Revelations that some Kenyan fishermen are still being held in Uganda a year later for fishing on lake victoria is disturbing.
The arbitrary arrests and harassment by the Ugandan authorities has been going on for some time.
Those arrested, with charges ranging from trespassing into Ugandan waters to using illegal fishing gear, are often forced to sell livestock to buy their freedom or forego their nets and boats.
Tales of torture at the hands of the Uganda People’s Defence Forces are widespread, from being forced to eat raw fish to merciless caning. There are instances where some of those arrested have been released following negotiations between local leaders, national government administrators, police and beach management officials.
But a lasting solution has proved elusive leaving Kenyan fishermen at the mercy of the Ugandan authorities. The situation has not been helped by the unresolved issue of the ownership of Migingo Island.
While it is important for the three East African countries to fight illegal fishing in the lake, it should be done within the spirit of the East African Community. Kenyan Government must fully engage Uganda and Tanzania to address challenges facing fishermen at Lake Victoria.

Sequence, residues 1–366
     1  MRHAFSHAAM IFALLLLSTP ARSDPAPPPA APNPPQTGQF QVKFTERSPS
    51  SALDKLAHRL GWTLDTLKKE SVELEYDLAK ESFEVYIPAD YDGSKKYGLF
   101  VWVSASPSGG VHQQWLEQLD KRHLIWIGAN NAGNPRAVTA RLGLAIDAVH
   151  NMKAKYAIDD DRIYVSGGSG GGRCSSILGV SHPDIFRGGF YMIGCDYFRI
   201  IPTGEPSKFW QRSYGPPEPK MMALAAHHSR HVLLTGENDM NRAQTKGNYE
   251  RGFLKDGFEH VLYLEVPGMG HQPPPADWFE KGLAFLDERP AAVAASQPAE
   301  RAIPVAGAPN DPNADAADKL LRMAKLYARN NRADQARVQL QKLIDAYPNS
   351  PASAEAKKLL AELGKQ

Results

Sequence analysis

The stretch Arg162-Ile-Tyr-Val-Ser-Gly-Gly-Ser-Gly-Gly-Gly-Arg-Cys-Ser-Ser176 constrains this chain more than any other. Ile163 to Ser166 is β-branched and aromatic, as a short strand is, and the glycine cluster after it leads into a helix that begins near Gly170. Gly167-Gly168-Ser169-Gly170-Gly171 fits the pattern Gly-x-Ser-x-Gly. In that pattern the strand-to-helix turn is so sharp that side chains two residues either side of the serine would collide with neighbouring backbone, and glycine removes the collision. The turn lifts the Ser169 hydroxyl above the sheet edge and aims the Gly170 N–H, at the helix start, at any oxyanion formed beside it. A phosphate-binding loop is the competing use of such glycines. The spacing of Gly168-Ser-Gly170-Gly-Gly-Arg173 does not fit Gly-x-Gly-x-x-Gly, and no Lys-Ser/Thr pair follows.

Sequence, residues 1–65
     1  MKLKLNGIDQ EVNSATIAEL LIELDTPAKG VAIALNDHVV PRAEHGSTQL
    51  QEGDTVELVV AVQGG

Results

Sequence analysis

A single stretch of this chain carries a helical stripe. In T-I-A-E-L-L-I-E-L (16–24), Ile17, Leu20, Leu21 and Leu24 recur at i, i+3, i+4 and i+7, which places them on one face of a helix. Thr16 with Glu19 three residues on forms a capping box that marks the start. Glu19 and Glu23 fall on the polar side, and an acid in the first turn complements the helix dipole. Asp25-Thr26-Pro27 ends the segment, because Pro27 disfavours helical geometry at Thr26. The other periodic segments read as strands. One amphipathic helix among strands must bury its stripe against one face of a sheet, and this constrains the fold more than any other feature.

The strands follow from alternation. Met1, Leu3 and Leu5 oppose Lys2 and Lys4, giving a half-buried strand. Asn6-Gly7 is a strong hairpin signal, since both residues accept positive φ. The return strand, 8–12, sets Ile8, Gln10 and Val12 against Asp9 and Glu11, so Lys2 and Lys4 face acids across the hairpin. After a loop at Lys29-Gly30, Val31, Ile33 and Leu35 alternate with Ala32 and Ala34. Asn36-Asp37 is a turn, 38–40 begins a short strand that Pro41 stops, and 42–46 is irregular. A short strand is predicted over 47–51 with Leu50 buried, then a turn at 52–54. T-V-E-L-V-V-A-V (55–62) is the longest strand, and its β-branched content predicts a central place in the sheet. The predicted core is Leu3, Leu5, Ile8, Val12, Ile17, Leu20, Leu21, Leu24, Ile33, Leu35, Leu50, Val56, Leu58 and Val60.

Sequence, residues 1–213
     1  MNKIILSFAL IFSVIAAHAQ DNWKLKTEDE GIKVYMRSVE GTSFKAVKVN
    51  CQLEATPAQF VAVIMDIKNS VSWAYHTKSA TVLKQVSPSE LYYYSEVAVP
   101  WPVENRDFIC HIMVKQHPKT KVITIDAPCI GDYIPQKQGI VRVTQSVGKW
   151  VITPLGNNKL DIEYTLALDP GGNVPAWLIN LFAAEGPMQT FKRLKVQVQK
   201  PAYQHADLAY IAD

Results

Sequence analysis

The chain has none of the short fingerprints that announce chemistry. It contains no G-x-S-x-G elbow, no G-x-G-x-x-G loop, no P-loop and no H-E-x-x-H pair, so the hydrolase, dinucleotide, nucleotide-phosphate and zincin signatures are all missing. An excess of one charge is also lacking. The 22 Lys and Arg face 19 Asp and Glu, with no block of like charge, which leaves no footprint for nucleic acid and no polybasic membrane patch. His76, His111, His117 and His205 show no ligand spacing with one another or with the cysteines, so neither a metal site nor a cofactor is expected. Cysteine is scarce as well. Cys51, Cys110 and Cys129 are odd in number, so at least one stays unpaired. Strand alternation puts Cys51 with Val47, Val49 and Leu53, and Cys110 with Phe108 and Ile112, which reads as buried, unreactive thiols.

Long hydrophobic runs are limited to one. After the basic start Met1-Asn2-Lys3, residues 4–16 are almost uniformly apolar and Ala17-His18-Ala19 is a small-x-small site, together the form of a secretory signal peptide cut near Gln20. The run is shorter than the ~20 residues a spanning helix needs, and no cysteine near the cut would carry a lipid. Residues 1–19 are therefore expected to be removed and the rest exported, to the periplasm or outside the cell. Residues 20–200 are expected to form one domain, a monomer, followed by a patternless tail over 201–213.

Fish is a renewable resource and one of the national resources that can rejuvenate the economy of the east African countries, hence it should be protected.
As they seek a lasting solution, the three countries should move to harmonise their positions on issues affecting fishing on the lake. The boats used by the fishermen could also be registered for easy identification and breeding areas gazetted.
But whatever the case Kenya, Uganda and Tanzania must show the true spirit of the EAC anthem, ‘Wimbo wa Jumuiya Afrika Mashariki’ that exhorts East Africans to pursue the virtues of unity, patriotism and hard work while cultivating a spirit of comradeship.
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